Sir Bradley Wiggins hopes his achievements can inspire the next generation of cyclists but the announcement of his retirement on Wednesday did nothing to end questions about a package delivered to him at the end of a race in France in 2011.
The 36-year-old brought the curtain down on one of the most remarkable careers in British sporting history when he posted a statement on his Instagram page on Wednesday afternoon, accompanying a picture of his collected race jerseys, medals and trophies.
In it, he said: ”2016 is the end of the road for this chapter, onwards and upwards, ‘feet on the ground, head in the clouds’ kids from Kilburn don’t win Olympic Golds and Tour de Frances! They do now.”
Wiggins bows out as the proud owner of eight Olympic medals – a national record that includes five golds – and became the first Briton to win the Tour de France in 2012.
However, what Wiggins had hoped would be a glorious goodbye has been overshadowed by September’s revelations that he received three therapeutic use exemptions (TUEs) for an otherwise banned substance ahead of three Grand Tours, including the 2012 Tour.
Wiggins and Team Sky principal Sir Dave Brailsford insist triamcinolone was medically necessary for a pollen allergy which aggravates his asthma and the TUEs were approved by cycling’s world governing body, the UCI.
Questions have also been raised over a package delivered to Wiggins and Team Sky at the end of the 2011 Criterium du Dauphine – a race won by Wiggins. The contents of the package have been the subject of a UK Anti-Doping investigation into alleged ”wrongdoing”.
Brailsford told a Department of Culture, Media and Sport select committee last week the package contained fluimucil, an over-the-counter decongestant available relatively cheaply in France.
But that does not explain why the team went to such expense to have the package personally delivered to Wiggins by British Cycling coach Simon Cope. All parties deny wrongdoing.
Damian Collins MP, the chairman of the select committee, said in Thursday’s edition of The Times that evidence provided by British Cycling failed to confirm Brailsford’s explanation.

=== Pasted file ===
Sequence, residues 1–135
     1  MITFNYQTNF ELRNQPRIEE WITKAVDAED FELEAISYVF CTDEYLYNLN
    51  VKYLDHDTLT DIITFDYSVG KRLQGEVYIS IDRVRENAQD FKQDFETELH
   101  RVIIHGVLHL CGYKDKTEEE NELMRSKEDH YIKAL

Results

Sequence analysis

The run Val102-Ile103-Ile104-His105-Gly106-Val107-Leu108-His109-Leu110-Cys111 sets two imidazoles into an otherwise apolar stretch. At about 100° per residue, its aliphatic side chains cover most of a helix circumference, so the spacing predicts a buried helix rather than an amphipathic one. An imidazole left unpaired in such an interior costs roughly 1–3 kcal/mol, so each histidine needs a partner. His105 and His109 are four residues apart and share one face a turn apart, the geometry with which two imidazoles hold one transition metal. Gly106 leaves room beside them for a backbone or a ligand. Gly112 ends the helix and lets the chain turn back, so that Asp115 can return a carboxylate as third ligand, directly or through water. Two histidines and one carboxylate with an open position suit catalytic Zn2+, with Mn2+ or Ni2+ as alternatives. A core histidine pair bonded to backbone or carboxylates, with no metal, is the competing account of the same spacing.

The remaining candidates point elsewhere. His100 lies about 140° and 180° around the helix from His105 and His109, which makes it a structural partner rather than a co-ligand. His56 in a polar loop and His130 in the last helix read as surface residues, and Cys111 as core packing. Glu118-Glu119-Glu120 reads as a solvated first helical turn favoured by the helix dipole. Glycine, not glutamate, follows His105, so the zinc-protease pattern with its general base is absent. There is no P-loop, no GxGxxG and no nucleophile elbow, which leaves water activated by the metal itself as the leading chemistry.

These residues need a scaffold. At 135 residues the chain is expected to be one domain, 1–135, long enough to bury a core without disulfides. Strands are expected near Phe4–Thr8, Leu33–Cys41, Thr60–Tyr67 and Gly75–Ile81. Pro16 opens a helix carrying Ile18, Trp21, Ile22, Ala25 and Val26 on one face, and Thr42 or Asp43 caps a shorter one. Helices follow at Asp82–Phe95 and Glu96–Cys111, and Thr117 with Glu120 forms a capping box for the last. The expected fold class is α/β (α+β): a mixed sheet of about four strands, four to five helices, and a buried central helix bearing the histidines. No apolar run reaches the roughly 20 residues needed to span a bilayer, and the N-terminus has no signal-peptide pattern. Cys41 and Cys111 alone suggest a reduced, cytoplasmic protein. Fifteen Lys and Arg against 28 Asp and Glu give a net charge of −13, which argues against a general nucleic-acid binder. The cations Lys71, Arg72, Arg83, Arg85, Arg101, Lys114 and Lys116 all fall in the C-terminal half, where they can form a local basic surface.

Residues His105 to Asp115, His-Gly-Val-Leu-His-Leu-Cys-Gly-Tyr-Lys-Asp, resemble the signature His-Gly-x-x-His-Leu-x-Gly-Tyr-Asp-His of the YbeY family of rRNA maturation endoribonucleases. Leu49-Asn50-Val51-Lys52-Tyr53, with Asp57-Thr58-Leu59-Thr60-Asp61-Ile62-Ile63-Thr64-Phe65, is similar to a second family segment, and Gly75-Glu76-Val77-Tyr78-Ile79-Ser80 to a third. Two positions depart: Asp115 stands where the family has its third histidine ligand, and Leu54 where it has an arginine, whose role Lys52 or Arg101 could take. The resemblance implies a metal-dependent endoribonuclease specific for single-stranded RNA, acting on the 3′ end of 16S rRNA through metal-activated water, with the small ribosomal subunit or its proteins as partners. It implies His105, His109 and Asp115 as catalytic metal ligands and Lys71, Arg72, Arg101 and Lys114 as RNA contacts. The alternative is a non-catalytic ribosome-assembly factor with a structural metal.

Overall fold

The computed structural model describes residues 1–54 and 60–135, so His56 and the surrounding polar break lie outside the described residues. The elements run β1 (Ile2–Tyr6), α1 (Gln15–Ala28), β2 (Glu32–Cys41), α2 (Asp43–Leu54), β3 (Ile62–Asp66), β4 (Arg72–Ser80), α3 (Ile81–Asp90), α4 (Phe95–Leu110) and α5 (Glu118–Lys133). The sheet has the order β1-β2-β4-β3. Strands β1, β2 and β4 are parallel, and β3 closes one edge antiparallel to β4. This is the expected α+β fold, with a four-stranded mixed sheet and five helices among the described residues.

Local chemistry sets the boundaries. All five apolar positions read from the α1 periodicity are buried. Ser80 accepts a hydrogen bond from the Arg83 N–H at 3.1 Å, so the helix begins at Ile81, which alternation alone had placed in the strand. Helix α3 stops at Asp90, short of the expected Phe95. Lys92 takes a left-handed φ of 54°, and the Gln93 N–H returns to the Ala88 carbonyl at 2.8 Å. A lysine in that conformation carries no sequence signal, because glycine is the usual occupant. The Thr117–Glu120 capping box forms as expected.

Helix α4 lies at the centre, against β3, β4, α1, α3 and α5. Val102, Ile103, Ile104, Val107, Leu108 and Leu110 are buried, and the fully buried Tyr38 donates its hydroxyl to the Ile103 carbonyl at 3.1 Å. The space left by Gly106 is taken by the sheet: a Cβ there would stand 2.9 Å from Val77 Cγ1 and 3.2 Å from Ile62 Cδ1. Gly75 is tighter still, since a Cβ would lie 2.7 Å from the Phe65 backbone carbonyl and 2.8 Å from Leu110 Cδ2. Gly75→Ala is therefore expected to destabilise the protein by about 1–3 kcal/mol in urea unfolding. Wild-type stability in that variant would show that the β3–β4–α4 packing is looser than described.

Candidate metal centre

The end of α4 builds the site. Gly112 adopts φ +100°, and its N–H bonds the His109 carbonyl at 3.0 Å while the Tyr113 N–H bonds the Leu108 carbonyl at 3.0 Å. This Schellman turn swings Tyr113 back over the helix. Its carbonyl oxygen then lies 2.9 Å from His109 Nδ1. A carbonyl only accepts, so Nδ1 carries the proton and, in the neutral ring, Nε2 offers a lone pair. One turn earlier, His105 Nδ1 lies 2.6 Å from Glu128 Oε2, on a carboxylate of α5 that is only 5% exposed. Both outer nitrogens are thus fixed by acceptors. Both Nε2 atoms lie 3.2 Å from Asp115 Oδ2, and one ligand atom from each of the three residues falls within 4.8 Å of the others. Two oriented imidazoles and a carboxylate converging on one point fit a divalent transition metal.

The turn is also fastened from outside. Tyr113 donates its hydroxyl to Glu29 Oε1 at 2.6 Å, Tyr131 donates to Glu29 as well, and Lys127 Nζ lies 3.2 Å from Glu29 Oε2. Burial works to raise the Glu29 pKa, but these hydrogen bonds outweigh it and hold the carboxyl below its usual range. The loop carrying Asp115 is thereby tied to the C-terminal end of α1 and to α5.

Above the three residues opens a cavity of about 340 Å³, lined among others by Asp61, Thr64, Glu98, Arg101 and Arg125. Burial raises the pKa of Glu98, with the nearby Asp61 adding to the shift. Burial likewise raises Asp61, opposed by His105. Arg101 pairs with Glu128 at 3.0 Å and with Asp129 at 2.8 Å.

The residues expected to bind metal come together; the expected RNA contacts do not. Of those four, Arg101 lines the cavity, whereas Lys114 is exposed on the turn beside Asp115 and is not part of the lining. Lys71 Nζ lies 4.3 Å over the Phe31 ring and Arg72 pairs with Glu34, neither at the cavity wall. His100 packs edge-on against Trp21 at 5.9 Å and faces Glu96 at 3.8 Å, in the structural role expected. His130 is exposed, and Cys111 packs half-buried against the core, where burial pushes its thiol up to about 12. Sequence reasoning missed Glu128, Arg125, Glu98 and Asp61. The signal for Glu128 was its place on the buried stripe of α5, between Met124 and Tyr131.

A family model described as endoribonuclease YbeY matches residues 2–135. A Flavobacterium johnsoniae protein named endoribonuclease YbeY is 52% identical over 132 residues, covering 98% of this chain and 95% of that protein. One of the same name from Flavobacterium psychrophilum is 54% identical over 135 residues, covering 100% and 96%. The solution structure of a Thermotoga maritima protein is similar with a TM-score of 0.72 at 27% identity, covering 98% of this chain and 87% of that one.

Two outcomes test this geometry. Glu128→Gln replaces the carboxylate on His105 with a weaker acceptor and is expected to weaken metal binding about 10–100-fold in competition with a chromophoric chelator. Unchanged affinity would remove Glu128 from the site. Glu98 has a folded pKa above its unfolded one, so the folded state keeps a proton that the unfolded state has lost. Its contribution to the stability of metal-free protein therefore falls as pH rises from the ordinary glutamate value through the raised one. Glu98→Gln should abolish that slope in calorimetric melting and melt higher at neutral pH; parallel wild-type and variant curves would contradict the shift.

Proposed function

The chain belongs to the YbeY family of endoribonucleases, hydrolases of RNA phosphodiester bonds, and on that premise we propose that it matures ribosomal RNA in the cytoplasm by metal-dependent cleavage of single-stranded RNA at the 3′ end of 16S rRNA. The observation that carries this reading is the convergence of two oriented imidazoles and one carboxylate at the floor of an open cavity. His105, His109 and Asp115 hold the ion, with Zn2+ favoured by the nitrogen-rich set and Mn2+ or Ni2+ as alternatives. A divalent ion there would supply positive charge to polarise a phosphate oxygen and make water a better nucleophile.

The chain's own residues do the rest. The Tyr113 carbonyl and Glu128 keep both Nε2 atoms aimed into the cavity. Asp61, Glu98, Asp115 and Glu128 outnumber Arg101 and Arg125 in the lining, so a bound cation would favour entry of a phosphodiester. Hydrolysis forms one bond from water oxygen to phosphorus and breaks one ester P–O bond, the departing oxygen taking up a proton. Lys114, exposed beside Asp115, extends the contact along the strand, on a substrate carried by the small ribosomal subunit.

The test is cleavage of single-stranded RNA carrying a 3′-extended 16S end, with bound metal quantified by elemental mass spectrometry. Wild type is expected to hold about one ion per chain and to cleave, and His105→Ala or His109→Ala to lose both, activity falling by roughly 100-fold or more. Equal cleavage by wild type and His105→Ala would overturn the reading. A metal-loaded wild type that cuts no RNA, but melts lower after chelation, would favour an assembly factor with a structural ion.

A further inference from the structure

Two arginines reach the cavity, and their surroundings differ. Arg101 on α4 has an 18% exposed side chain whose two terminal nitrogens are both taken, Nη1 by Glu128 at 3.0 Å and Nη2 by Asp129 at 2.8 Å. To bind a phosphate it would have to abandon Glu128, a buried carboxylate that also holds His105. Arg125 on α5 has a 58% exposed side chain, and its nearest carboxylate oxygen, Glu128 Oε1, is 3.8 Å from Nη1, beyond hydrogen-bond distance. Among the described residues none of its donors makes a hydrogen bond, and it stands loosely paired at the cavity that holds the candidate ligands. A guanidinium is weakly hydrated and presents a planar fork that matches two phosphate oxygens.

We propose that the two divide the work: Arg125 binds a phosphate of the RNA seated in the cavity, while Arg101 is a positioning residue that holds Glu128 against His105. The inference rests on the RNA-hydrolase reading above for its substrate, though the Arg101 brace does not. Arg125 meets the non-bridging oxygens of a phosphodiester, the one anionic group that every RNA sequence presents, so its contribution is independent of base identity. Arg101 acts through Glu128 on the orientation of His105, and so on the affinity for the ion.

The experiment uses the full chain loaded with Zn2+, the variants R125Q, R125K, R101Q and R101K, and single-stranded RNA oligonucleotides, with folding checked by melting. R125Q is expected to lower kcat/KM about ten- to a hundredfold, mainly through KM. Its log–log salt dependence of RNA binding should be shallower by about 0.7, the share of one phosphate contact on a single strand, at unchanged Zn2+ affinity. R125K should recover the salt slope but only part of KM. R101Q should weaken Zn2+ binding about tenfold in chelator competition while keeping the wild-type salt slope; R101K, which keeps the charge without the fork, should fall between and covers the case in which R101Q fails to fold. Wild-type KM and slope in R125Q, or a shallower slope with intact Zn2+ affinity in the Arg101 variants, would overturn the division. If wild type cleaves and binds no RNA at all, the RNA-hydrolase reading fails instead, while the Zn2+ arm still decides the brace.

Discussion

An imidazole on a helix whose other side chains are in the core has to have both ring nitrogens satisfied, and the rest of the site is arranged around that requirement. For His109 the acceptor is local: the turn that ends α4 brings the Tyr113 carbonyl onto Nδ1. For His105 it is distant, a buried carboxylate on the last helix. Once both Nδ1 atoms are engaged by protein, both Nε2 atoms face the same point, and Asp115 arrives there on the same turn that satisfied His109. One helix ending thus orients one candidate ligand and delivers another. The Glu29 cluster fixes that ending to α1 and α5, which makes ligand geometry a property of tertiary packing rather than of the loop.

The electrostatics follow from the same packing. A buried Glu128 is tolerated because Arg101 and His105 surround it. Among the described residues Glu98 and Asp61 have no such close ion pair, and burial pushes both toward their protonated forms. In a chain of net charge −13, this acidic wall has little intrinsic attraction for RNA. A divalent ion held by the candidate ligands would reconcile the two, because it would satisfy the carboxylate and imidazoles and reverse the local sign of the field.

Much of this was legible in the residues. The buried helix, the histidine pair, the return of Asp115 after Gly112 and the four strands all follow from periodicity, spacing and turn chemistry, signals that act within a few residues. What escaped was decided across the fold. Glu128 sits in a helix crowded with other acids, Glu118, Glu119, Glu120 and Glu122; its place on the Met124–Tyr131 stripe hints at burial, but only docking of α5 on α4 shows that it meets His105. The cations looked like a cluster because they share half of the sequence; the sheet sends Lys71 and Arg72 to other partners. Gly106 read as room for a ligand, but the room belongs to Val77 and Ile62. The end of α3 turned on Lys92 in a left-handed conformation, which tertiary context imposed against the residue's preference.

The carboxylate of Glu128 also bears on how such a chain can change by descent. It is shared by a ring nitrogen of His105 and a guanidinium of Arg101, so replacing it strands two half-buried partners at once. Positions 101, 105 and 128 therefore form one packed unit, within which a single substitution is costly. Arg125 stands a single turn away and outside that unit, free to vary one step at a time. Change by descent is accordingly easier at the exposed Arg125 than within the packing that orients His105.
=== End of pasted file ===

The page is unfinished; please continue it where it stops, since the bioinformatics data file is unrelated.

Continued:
“The more we discover about the package, the more questions seem to be thrown up,” Collins said. “We now know from Simon Cope’s expense claims that the request to take the package must have been made some time in advance, and that he travelled from southern England up to Manchester to collect it, and then went back to fly to France from London Gatwick.
“If this medicine was needed urgently it would have been much quicker to buy it in France. We also know from last week’s hearing that the medication was administered as soon as it was delivered. It also seems that British Cycling do not know categorically what was in the package. They say they understand it to be Fluimucil but do not explain why they understand that’s what it was.
“We need to be sure that British Cycling do keep proper records of what goes in and out of their medical stores.”
Earlier this year, Wiggins – who conquered his sport on the road as well as in the velodrome – won his fifth Olympic gold in Rio as part of the world record-breaking pursuit team, adding to a tally that also includes a silver and two bronzes.
He competed in five successive Games from Sydney 2000 and reached a career high in 2012 when he completed an unprecedented double of a maiden Tour de France victory with Team Sky and a home Olympic triumph in the time trial in London.
“I have been lucky enough to live a dream and fulfil my childhood aspiration of making a living and a career out of the sport I fell in love with at the age of 12. I’ve met my idols and ridden with and alongside the best for 20 years,” Wiggins’ retirement message read.